We leave London today bound for Paris with a heavy heart. We do love London & the Cotswold and wish we would be back soon. We will be taking the Eurostar from St Pancras, London arriving Paris at Gare Du Nord. Travelling time will be 2 hours 21 minutes arriving Gare Du Nord at 2:52 p.m.
St Pancras International waiting hall. You need to go through customs airport style, as well as French immigration here. You board your train on the upper floor.
The Eurostar train that we boarded.
Eurostar’s train interior. There are forward facing & backwards facing seats. So book which one you fancy. Hand carry baggage are place overhead (ample clearance, 2 tiers) while bigger one at dedicated areas near the exit. The coach are air-conditioned and toilet available.
Safely arrived at Gare Du Nord.
Gare Du Nord train station.
In Paris, we had booked Hotel Richmond which is just across the street from Gare Du Nord. It’s hardly one minute walk from the exit of the station. We had chosen this hotel as we will be traveling to Amsterdam by train via Gare Du Nord. The location of this hotel avoids us from the need to take the metro, as Paris metro stations rarely have escalators and has many staircase going up & down unlike London’s tube. If you have big or heavy luggage, I advise you take a taxi. Don’t tire and frustrate yourself and curse unnecessarily. You’re on holiday.
For Muslim travelers, there are a number halal restaurants around Gare Du Nord. The nearest is to your right exiting the hotel about three shop lots away.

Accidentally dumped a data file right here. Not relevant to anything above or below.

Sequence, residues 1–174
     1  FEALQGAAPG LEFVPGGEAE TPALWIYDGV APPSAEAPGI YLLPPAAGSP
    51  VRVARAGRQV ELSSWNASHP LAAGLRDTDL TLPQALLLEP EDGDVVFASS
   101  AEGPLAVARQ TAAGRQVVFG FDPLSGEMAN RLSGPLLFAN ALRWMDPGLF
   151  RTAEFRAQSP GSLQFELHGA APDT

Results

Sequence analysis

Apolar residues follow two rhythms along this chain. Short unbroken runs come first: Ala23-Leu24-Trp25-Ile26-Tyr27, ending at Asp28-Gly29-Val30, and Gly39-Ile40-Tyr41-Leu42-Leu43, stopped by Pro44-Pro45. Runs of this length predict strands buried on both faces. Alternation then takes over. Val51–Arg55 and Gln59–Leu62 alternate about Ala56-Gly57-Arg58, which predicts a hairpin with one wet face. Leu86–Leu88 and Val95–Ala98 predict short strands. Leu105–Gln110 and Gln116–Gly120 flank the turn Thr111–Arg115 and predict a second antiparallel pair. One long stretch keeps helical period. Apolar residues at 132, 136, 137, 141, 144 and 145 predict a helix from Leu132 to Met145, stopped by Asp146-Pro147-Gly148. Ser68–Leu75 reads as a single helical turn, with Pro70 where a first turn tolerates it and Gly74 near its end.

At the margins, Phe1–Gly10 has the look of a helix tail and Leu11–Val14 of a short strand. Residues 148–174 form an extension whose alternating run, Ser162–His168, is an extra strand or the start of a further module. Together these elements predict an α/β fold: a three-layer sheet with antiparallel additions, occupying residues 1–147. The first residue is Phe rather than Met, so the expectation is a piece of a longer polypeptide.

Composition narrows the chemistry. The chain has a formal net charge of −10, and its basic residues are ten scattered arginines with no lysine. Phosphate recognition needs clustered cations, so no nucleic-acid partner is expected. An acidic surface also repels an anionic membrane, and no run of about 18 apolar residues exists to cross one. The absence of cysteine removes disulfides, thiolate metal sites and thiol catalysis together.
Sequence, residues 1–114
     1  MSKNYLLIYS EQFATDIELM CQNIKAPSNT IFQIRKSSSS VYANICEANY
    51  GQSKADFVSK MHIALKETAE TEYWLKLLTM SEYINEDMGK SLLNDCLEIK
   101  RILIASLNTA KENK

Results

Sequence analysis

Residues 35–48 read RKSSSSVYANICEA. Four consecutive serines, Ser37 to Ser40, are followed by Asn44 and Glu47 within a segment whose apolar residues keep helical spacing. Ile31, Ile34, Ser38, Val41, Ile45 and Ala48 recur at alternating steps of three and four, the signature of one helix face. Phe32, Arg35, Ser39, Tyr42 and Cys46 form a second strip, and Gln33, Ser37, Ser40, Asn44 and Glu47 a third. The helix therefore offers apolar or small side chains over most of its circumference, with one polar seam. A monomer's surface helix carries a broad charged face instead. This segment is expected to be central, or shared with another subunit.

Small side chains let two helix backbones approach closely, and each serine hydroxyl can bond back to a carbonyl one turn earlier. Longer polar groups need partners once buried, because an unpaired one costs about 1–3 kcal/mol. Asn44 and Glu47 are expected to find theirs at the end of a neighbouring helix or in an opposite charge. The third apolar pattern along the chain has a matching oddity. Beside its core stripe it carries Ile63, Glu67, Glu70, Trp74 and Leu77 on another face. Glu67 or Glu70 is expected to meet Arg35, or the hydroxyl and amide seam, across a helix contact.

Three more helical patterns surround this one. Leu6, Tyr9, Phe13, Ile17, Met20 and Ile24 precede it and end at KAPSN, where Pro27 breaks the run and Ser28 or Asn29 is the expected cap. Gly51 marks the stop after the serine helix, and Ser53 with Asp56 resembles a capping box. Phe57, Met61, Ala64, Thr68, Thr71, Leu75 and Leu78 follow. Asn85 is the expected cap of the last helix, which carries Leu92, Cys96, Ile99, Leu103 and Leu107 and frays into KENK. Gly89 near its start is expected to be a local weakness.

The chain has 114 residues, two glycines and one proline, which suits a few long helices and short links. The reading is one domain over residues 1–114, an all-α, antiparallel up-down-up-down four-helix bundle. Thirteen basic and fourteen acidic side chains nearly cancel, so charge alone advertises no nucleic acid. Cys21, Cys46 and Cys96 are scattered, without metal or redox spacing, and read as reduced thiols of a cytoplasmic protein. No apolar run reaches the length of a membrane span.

Hotel Richmond just across Gare Du Nord. Taxi stand is just in-front of the hotel.
Gare Du Nord from the doors of Richmond hotel.
Our room on the 3rd floor.
A couple of English cabel channels available.
Useful Paris metro route. Click to enlarge. Credit : mapaplan.com
Once hotel check-in settled and we had our late lunch, we are set to explore Champs Elysees. We took the bus outside Gare Du Nord and dropped-off nearby Champs Elysees Clemenceau and started walking toward Arc de triomphe. Along the sidewalk, you’ll find cafes with people drinking coffee and people watching people. The sidewalks were busy with tourist and locals as it was a Sunday. What you’ve seen in the movies of Champs Elysees is what you’ll experience, minus the sound of accordions.
First day Paris attractions itinerary. 1. Champs Elysees, 2. Arc de triomphe, 3. Concorde & 4. Louvre Museum.
No mistake where we are.
The sidewalk of Champs Elysees.
The sidewalk of Champs Elysees leads to Arc de triomphe.
Classic scene of cafes by the sidewalks of Champs Elysees.
Aah, the LV store. You need to queue to get in. Insane!
The busy street at Champs Elysees with Arc de triomphe in the background.
Naturally after walking down Champs Elysees we ended up at Arc de Triomphe. From Champs Elysees avenue, we crossed over to the centre of the roundabout via an underground passage. Here you’ll find a counter to purchase ticket to go up the Arc de Triomphe. So, if you just want to view it from ground level, proceed to the stairs to go up. Do not join the queue of people purchasing the tickets.
The construction of the Arc de Triomphe was ordered by Napoleon, the French Emperor in 1806. He built it to honor of his French army at that time. The construction of Arc de Triomphe was completed in 1836, long after Napoleon’s death in 1821.
The busy Champs Elysees leading up to Arc de Triomphe.
Arc de Triomphe from the centre of Champs Eleysees.
The Arc from the sidewalk of Champs Elysees. See the people at the top? Yes, with a ticket you can go up. We didn’t.
View of the Arc nearer to the roundabout. Impossible to cross to the Arc, use the underground passage.
The majestic Arc de Triomphe.
The foot of Arc de Triomphe. There was a ceremony going on, no sure what.
View from Grande Armee avenue, the opposite side of Champs Elysees avenue.